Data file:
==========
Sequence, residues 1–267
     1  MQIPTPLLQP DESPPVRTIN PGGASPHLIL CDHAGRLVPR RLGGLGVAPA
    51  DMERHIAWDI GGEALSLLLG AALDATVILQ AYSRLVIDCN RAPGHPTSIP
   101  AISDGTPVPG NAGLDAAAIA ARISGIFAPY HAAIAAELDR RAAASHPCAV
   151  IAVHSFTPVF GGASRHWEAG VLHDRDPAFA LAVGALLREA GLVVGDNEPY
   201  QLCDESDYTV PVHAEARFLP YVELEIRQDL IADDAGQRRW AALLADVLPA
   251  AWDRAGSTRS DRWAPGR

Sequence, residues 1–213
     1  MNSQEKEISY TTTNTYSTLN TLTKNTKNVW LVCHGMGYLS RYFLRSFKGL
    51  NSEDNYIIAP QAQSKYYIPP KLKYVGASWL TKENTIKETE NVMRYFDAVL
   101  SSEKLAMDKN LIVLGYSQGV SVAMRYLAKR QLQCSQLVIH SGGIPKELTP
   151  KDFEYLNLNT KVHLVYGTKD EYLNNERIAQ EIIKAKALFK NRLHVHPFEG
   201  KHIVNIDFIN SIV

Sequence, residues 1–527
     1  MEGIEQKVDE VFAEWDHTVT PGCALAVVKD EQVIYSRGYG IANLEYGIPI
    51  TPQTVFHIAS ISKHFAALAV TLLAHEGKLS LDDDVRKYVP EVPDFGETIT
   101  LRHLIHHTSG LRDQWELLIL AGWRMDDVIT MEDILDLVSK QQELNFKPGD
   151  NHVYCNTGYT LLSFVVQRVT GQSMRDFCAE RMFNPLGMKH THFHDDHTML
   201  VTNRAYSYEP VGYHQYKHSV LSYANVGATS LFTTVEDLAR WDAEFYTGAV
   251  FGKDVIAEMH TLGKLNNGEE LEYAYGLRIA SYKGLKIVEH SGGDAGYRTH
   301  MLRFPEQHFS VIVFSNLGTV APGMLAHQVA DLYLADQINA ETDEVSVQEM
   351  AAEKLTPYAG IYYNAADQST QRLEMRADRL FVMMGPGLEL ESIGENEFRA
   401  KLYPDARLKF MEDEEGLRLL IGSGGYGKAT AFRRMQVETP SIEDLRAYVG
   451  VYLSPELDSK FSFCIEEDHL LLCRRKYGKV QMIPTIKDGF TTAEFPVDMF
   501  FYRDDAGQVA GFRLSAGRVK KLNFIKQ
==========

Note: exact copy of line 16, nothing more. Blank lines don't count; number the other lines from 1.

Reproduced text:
    51  TPQTVFHIAS ISKHFAALAV TLLAHEGKLS LDDDVRKYVP EVPDFGETIT